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Watch for financial distress signs before it's too late: analysts

These relate mainly to the company's ability to service its borrowings - deducible from its liquidity, interest coverage, gearing levels, and debt profile

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A recent slew of debt defaults and attempts to stave them off among Singapore-listed companies in the offshore-and-marine (O&M) sector has spooked investors and sparked a bout of soul-searching on whether SOS signals could have been spotted earlier.


A RECENT slew of debt defaults and attempts to stave them off among Singapore-listed companies in the offshore-and-marine (O&M) sector has spooked investors and sparked a bout of soul-searching on whether SOS signals could have been spotted earlier.

By the time companies become insolvent, it is typically too late for investors' portfolios. To avoid being trapped on a sinking ship, there are some key financial indicators investors should watch especially closely, analysts suggest.

Others add that the warning signs of impending financial distress might be spotted even before it manifests itself in the form of illiquidity or worse, if investors pay careful attention to cash flow trends and non-financial indicators such as industry conditions.

Market voices on:

Key financial metrics that can throw up red flags for investors across multiple sectors are those that relate particularly to the company's ability to service its borrowings, which may be deduced from its liquidity, interest coverage, gearing levels and debt profile, market observers say.

"Generically key for us is cash flow related to the composition of the balance sheet - crudely relating the profit-and-loss account to the overall capital position," says Aberdeen Asset Management Asia managing director Hugh Young.

"Details would include the term of the debt (long-term lock-in or short-term rolling at the extremes), covenants, etc. Currencies also play their part, and often distress arises when a business is mismatched from a currency point of view internally."

Lee Wen Ching, equity analyst in the chief investment office at private bank UBS Wealth Management, says the three most relevant financial indicators of impending distress are a company's ability to pay interest on its outstanding debt, or interest coverage; the ratio of its cash to short-term debt, which indicates liquidity; and its gearing level, in terms of debt over the company's earnings before interest, tax, depreciation and amortisation (Ebitda).

"These metrics are relevant leading indicators because the financial metrics deteriorate over time, before the company becomes insolvent."

NRA Capital research head Liu Jinshu says that investors can look at earnings growth and cash flow trends. If earnings growth is "constantly negative", for instance, the equity base is being chipped away, and sectors with negative earnings growth are "hotspots for financial distress", he says. "By the time you see it (distress) in the balance sheet, it's too late already."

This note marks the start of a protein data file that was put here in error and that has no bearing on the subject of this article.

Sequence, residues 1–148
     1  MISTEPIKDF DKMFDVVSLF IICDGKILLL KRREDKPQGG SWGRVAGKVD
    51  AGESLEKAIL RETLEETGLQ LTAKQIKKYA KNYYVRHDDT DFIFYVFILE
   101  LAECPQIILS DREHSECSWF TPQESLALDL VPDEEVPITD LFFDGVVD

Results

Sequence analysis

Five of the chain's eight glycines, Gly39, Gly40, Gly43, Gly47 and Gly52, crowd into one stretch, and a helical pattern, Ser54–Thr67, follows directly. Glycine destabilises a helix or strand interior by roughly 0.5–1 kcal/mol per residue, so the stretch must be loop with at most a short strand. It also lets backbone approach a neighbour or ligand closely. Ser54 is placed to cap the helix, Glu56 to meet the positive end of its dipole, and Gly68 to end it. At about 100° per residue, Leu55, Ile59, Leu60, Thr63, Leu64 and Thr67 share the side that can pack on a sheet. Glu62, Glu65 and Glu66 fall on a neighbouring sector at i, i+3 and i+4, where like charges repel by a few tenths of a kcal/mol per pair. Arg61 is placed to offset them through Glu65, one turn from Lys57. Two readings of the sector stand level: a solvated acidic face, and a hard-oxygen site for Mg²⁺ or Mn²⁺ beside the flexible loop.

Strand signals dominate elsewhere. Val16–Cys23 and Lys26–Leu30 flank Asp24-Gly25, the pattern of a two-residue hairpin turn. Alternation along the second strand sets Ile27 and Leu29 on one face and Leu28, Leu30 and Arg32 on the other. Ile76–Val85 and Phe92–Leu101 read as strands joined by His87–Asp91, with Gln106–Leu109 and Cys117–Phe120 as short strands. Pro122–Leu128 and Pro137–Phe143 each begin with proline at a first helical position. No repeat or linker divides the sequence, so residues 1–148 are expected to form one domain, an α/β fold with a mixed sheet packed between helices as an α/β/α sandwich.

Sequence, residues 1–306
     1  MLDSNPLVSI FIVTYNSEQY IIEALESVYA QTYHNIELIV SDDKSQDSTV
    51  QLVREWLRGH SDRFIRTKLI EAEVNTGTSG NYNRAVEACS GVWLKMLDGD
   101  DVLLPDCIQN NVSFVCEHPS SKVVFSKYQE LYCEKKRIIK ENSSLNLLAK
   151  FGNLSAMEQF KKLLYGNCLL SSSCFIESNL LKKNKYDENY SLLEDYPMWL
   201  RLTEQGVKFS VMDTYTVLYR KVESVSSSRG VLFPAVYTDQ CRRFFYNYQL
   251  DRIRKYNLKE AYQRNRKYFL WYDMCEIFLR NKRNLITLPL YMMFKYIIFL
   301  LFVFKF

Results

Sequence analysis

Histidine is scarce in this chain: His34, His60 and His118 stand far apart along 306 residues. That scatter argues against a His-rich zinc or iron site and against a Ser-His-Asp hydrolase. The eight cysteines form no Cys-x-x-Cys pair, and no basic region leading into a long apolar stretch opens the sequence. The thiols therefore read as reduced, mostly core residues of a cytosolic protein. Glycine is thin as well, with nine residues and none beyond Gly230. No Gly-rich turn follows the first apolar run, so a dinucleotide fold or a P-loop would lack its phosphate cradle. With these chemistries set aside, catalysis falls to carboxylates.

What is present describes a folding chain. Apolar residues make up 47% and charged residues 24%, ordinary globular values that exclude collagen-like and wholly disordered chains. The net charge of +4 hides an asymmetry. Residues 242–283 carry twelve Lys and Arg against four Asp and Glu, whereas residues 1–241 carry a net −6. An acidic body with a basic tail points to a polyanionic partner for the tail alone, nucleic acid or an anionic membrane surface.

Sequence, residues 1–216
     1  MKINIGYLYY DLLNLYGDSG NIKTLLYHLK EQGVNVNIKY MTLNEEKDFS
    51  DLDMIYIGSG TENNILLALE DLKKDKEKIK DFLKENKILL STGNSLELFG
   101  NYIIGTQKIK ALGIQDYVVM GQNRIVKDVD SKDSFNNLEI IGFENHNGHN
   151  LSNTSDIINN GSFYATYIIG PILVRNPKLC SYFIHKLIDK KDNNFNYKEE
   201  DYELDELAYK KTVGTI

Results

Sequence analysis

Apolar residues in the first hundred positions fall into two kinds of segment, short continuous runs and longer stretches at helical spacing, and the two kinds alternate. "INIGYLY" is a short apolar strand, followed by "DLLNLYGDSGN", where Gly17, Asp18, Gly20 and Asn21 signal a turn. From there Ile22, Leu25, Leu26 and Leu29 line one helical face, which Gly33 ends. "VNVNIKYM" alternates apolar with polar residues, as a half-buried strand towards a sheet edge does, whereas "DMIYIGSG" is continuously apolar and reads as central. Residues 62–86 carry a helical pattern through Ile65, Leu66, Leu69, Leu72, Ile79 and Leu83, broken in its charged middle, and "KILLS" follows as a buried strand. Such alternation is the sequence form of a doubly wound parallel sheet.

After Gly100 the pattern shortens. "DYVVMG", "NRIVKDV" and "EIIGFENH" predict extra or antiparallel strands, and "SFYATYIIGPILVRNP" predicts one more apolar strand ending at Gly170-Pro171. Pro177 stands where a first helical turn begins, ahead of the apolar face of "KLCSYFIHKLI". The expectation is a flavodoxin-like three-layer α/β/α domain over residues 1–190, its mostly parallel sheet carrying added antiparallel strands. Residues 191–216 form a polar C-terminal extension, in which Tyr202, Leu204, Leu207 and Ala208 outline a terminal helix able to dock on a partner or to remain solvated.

Analysts note certain sectors may have relatively more obvious leading indicators, and some non-financial metrics may be equally or more effective in detecting danger earlier on.

"Indicators of current or, more importantly, future distress are not solely related to financials," says Andrew Wong, credit analyst at OCBC Bank.

"The first things to consider are business indicators related to the company's operating environment and the company's business model. This is because the operating environment (framed by its country and industry exposure) and the strength of the company's position within its operating environment will have a direct impact on the profitability and cash flow generation (that is, financial indicators) of the company."

He notes that in the case of the O&M sector, "while stress within the sector accelerated to an extent in Q3 2016, judging by the number of restructurings/defaults, the operating environment was coming under pressure as far back as Q4 2014, when oil prices plunged".

"This was perhaps the earliest sign of eventual stress, although at the time it was hard to see for how long oil prices would stay weak."

Mr Young adds that for commodities businesses in general, commodity prices "are vital . . . this is where stress can be quickly evident, as we've seen in capital-intensive businesses with debt where cash flow dries up - oil-and-gas exploration; rig builders".

"A deeper layer of detail is then composition of the book of business - for example, heavy reliance on a single customer, say, Petrobras."

Commodity prices may indirectly affect various other sectors, such as banking, in the form of non-performing loans (NPLs), he adds.

"(The) size of book in exposed sectors such as commodities is something we look at closely. NPLs at banks typically occur after it's clear a sector is in trouble. So they're a lagging indicator. Thus, in theory, while one could argue - I don't by the way - that the worst is over in the energy sector, you'll still be seeing NPLs coming through," Mr Young says.

Mr Liu of NRA Capital says that for industrial sector stocks, investors should be wary of lengthening cash conversion cycles combined with declining profitability.